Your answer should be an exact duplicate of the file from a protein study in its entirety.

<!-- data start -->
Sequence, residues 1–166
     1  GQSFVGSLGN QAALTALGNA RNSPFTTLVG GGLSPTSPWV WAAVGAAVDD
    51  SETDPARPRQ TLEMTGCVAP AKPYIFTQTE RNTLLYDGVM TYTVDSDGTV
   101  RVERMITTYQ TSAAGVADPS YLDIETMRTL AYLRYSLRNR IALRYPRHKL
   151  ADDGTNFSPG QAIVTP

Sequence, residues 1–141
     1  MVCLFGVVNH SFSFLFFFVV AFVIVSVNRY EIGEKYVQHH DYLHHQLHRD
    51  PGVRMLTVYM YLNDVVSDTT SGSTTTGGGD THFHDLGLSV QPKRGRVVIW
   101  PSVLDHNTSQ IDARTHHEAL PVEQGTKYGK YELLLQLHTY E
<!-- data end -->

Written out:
Sequence, residues 1–166
     1  GQSFVGSLGN QAALTALGNA RNSPFTTLVG GGLSPTSPWV WAAVGAAVDD
    51  SETDPARPRQ TLEMTGCVAP AKPYIFTQTE RNTLLYDGVM TYTVDSDGTV
   101  RVERMITTYQ TSAAGVADPS YLDIETMRTL AYLRYSLRNR IALRYPRHKL
   151  ADDGTNFSPG QAIVTP

Sequence, residues 1–141
     1  MVCLFGVVNH SFSFLFFFVV AFVIVSVNRY EIGEKYVQHH DYLHHQLHRD
    51  PGVRMLTVYM YLNDVVSDTT SGSTTTGGGD THFHDLGLSV QPKRGRVVIW
   101  PSVLDHNTSQ IDARTHHEAL PVEQGTKYGK YELLLQLHTY E